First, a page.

The bottom two bolts turned down with a socket to about 5 foot pounds but then just slowly turn, as if in thick mush, and never really bite or take a set. The lowest setting on my torque wrench is 10 foot-pounds and neither bolt will make the wrench break or click.

I repeated the process with a 30 mm and 35 mm bolt to see if I could get the bolts into deeper and better material. The longer bolts will not set either.

I believe the heat exchanger is aluminum but am not sure.

There is plenty of material around the two weak holes to drill a bigger hole and use a threaded insert of some kind (Full-Torque or timeset ?) but I am not sure if that is the right thing to do. My big concern is that I have no way to ensure I drill a perfectly straight hold for the insert.

I cannot find anything about the torque that should be applied to good new bolts. The one bolt that was still set when I removed the originals was about 40-foot pounds.

There is no load on the flange – just the exhaust pressure and the heating/cooling due to the exhaust gas.

I know the right thing to do is remove the heat exchanger and take the heat exchanger to a machine shop and have them put in slightly larger holes and threads.

Are there any easier or less drastic possible solutions?

With no real shear or pull on the bolts would epoxy work?
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Old 11-03-2014, 11:52 PM   #2
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Greetings,
Mr. T. Quite a conundrum to be sure. My only comment would be that the area the bolts thread into may be too hot for epoxy. I quickly searched for and found this stuff BUT it notes it's only good up to 400F. THAT is my concern.
HighHeat | Temperature Resistant Epoxy Putty
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Old 11-04-2014, 12:10 AM   #3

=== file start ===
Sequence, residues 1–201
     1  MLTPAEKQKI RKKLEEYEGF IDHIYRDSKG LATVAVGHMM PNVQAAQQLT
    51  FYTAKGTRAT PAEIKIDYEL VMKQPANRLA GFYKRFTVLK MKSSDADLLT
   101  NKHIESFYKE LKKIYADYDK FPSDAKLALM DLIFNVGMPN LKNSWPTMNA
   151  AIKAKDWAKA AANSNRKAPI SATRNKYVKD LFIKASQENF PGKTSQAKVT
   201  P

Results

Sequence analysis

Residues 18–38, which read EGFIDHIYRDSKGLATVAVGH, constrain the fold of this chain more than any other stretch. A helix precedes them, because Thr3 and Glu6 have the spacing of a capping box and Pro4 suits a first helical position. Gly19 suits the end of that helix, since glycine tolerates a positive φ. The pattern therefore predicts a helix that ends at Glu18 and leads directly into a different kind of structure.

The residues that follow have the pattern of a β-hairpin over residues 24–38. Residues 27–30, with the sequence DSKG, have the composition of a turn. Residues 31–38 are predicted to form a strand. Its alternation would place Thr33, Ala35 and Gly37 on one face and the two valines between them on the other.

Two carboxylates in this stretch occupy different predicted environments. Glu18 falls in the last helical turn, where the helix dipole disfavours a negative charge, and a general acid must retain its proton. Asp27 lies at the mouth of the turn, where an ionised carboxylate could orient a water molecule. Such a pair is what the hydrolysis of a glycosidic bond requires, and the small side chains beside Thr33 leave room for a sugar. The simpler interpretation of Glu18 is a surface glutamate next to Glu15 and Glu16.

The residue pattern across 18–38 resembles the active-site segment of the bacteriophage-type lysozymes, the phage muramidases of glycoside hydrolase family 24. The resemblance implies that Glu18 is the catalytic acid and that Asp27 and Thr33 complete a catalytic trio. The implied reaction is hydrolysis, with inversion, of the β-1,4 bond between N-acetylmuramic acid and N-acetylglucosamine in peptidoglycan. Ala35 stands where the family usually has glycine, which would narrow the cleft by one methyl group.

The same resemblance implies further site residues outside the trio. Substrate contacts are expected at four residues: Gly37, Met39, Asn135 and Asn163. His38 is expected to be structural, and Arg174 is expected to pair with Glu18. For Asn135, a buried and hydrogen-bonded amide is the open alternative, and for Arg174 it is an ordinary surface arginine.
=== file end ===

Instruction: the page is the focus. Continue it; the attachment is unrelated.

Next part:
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I would take it off. Have it drilled out and inserts put in. If I was miles off shore or at the corner of no and where epoxy would be worth a try to get me home. My thoughts.
YMMV and all that. And it could well get too hot for epoxy as RTF pointed out.
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Old 11-04-2014, 12:32 AM   #4
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Greetings,
Mr. T. did some more searching and... High Temperature Adhesives and Epoxies, Ceramics, Insulation, Epoxies and Epoxy
Mentions some products good for 4000F. Now, whether or not any of them would work for your particular application is an entirely different matter.
I'm tending to concur with Mr. BF. Fix it right the first time. The stuff I linked may be good for a quick fix but it will be a band-aid at best.
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Old 11-04-2014, 12:35 AM   #5
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4 flute core drill bits are great for opening up holes and follow the existing hole well. If you can get a drill into the area to work, it and a quality tap will allow you to DIY(if you have the confidence to try it). We all have different confidence levels and I'm not there to see your conditions, sailboats are notoriously tight.

Otherwise I would either remove it and DIY or at that point just take it to a local machinist and let him do it. Below is an example of what a 4 flute core drill looks like.